You see, you build a product (because you think it’s fantastic, and who wouldn’t need this), and you get one or two friends to buy (so you have conversion), but then you realize that you’ve reached the end of the market. No Traffic. result? No Profit!
So getting step 1 right is important. The nice thing is, as we’re on the internet, and you haven’t spent money on renting a premises for your shop (yet), and refurbishing the space and putting in cool tables and a bar etc…
You can still change. Or shift. Or pivot.
Shifting your perspective on your niche slightly is sometimes a pretty good idea. E.g, instead of selling diet books, why not sell diet classes?
But I’m getting ahead of myself.
So, choosing a niche comes down to this.
- Think of the big 4. That is Health, Wealth, Relationships, Hobbies/Interests
- Now, think through the following:
- What you know.
For example you may know all about the paleo diet, and you have a background in nutrition.
Or you may be an expert in running or cycling
Or you know how to code, and you develop games in your spare time
- What you have done.
For example you may recently have lost weight using the paleo diet
Or you finished a recent marathon in your personal best time
Or you just managed to get your fist game in the app store
- What you want to do
For example you want lost weight using the paleo diet
Or you want to improve your personal best in the marathon (or run your first marathon)
Or you want to get your first game in the app store
The reason this works well is that you can document your journey, and serve as an example to others. That’s what I’m doing with this blog. E.g. I want to build a $100,000 a month blog, I know marketing and software, so that’s what I’ll do.
- What you know.
- Match what you know to the big 4 – in this examples that’s obvious. It’s health, and hobbies.
You want to match it with the big four so you can expand your focus. This helps when it comes to product brainstorming and pivoting later.
- Verify that there’s a market (do a simple search on Google, Facebook, Twitter, Amazon) and check that people are:
- Talking about it? (yes, loads of conversations, forums, etc)
- Selling products (books, meals, software, anything) – yup, lots of that
- Buying solutions to the problem (losing weight with paleo) – yup – many people are apparently buying
So, before you jump and say ‘No Shit Sherlock – but look at the competition’, let me explain.
When done correctly, you have NO competition. I’ll get to how that works later.
You will be in a competitive market. You want to be. If you’re not (e.g. if you’re selling one-handed knitting needles), there will simply not be a big enough market for you to make any money.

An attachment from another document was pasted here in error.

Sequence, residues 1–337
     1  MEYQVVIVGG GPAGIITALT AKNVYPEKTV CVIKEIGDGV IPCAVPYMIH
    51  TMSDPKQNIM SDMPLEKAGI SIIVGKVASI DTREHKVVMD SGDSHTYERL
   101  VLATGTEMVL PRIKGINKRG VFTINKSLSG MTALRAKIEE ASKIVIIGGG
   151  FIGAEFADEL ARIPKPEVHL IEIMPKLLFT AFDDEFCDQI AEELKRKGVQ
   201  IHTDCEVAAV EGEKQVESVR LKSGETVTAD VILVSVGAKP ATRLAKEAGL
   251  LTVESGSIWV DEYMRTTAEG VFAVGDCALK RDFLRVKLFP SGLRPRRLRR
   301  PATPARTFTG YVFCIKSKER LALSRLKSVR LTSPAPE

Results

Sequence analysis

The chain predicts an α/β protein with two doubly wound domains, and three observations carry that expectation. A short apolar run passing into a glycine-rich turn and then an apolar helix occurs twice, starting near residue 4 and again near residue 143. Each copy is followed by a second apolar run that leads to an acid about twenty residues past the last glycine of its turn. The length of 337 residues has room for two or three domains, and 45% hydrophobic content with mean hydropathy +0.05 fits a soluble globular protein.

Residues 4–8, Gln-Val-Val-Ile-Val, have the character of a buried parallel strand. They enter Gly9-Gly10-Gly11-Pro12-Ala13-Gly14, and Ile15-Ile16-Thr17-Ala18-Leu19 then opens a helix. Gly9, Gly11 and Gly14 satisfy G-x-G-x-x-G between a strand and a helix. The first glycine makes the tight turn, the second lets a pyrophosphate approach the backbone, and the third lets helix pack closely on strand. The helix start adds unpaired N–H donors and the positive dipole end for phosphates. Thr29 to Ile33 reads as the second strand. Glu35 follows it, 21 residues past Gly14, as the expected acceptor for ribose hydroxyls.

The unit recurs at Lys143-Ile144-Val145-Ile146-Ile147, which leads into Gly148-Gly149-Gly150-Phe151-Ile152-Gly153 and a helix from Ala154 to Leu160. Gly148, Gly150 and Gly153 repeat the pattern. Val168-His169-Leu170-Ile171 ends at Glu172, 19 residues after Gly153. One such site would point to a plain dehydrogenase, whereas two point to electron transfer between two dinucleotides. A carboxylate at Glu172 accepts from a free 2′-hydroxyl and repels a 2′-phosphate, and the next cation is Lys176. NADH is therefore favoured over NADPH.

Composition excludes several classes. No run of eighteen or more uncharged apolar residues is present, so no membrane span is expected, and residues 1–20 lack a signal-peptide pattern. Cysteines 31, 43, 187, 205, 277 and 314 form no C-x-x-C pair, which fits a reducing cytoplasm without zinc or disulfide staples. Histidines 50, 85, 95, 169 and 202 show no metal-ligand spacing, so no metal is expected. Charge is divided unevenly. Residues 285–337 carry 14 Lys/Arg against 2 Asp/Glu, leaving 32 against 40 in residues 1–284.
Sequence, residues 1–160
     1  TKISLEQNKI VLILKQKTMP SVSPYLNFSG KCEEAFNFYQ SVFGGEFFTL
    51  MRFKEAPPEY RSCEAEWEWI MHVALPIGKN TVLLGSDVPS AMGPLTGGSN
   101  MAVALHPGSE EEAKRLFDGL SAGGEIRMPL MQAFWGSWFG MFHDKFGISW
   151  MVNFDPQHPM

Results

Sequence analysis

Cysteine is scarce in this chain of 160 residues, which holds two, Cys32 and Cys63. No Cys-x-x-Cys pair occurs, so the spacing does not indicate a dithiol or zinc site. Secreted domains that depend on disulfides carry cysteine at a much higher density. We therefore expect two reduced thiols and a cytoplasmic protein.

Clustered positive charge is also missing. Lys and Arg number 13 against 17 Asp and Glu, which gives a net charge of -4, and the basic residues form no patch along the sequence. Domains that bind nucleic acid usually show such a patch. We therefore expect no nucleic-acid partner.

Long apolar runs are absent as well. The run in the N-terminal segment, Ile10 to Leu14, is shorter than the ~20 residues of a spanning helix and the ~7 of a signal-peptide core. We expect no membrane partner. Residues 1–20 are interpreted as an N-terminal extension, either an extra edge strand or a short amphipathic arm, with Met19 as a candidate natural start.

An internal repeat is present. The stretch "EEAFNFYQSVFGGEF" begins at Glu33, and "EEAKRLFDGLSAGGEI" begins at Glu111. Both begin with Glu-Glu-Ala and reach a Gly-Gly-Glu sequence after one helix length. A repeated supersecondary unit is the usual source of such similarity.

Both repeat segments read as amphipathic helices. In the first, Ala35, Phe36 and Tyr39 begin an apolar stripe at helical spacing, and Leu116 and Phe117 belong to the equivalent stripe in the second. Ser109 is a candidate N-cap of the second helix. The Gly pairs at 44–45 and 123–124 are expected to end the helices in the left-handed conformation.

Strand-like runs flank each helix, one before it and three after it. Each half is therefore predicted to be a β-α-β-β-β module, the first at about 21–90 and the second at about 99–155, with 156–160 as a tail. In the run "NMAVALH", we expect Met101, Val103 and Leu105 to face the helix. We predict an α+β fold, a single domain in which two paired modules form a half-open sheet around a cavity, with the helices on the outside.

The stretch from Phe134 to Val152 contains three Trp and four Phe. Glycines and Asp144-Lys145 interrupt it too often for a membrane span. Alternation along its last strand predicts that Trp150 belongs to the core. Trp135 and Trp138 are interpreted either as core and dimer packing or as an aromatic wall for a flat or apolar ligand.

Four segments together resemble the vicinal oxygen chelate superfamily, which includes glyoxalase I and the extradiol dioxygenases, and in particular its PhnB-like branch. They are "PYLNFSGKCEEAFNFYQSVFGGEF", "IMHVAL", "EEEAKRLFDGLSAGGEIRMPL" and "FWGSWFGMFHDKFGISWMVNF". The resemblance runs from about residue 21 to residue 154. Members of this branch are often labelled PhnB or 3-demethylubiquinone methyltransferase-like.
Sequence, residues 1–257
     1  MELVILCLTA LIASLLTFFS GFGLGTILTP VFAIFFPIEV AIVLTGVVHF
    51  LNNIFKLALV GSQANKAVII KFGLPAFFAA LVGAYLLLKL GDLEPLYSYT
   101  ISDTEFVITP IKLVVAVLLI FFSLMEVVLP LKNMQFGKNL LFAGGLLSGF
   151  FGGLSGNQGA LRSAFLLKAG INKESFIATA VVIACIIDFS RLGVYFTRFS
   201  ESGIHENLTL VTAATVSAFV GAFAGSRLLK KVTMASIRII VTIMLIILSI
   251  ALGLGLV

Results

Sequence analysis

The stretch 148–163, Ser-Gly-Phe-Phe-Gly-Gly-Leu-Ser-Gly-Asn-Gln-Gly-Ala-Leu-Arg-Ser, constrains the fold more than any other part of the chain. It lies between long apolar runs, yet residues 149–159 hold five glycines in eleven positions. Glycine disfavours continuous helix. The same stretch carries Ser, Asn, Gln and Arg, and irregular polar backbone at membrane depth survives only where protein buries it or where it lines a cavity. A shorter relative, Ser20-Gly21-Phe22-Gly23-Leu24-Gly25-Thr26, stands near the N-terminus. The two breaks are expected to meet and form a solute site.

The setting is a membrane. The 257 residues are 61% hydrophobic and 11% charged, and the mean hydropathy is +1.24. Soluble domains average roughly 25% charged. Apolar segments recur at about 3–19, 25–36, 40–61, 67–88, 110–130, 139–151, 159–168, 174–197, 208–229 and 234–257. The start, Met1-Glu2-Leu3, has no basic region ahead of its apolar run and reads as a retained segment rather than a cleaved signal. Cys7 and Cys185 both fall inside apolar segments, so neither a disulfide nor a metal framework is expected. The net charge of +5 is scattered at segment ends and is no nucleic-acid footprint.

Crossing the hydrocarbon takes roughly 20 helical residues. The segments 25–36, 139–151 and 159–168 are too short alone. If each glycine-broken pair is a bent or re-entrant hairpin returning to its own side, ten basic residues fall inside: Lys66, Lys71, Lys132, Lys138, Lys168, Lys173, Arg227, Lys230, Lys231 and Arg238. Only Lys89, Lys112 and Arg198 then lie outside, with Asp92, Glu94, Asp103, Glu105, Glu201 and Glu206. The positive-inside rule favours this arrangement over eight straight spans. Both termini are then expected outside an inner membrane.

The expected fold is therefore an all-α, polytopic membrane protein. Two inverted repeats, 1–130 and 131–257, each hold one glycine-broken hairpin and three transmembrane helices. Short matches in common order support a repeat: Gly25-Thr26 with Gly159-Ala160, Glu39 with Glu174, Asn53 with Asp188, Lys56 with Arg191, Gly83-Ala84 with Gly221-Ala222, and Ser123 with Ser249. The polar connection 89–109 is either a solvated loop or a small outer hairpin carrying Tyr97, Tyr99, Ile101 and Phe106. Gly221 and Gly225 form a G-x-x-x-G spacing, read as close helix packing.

Pick The Right Market
And this is one mistake that many people make. You pick a market that’s too small, or you have no way of reaching that market.
Please note: All we’ve done at this point is decided on a broad market. We’re not sure exactly what that market wants. But we know 2 things:
1. The market exists
2. We can reach them on the internet
A similar process applies to any offline business, but I wont’ go into that now.
I don’t care what you’re selling, or trying to sell.
You have to make sure that there is a market for that product.
And that you can reach them.
Of course, once you’ve defined that market, you have to sell them something.
That’s the other side of the coin. Conversion.
And with conversion, you want to make sure you get the biggest bang for your buck.
And in EVERY SINGLE CASE – the biggest bang for your buck, is to sell something to someone who HAS ALREADY BOUGHT FROM YOU!
Math for this is simple.
Assuming a lead costs you $5 (typical for many industries).
If your conversion rate is 2%, you get to sell a product to 1 in every 50 leads. So the cost of selling that product (assuming no other costs) is $250.
This means that you need to make at least $250 per product just to break even!
So you’re probably selling the product for $500 and making a $250 profit.
But let’s say you already have those leads. E.g. you’re selling to someone ALREADY on your customer list.
Guess what. You’re suddenly making $500 profit on every unit sold.
The point I’m trying (probably badly) to make here is that conversion optimization is not just about improving the number of people who click on your buy button. It’s also about increasing the total value of goods that you sell to every individual in your market.
So you can’t make money just selling an ebook. Or being an affiliate for a paleo ebook.
That may be a start. But you have to have plans to scale to the next level of the game.
You have to Level Up!
So, I’ve covered that basics of getting through Level 1 successfully. It’s not hard, but it’s important.
And it’s even more important to understand that you don’t get to level 5 or 6 without putting in the work.
You have to slay those goblins before you get to face the dragon.
And this is a good thing.
Dragons ain’t that easy to kill 🙂
All these ‘overnight success stories’ you see? There’s a lot of work behind each of them.
Now – you can accelerate the process.
That’s what I’m doing with this blog. I’m going to run through these levels as quickly as I can.
So you can see exactly how it’s done.
So, if you’re struggling to get to the next level, remember.
It’s a game. The game has rules. The game has achievements. The game has levels. But it’s just a game.
So you can learn to play it.
And you can learn to play it well.
At least well enough to get to level 6.
Please leave me a comment below. I reply to all of them, and would love to hear your thoughts.